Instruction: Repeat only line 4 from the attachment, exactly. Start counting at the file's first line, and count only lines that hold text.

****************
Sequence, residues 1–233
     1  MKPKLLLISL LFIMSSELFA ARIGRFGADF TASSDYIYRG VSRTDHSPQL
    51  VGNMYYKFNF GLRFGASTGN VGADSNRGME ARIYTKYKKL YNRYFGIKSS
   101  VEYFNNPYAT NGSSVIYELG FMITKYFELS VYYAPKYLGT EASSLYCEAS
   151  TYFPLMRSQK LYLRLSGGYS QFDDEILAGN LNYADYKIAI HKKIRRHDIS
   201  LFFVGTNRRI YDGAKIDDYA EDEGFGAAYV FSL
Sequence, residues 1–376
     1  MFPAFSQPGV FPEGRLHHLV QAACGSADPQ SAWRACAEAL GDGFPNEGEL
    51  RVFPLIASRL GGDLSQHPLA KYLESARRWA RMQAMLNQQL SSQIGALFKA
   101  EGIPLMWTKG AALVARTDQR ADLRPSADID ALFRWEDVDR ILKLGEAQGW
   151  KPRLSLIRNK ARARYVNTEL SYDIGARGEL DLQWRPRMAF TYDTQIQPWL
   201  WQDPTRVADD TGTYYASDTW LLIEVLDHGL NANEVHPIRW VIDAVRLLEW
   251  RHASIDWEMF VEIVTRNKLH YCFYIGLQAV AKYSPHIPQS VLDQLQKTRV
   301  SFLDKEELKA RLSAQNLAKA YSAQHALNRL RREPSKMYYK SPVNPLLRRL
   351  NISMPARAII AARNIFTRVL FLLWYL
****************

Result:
   101  VEYFNNPYAT NGSSVIYELG FMITKYFELS VYYAPKYLGT EASSLYCEAS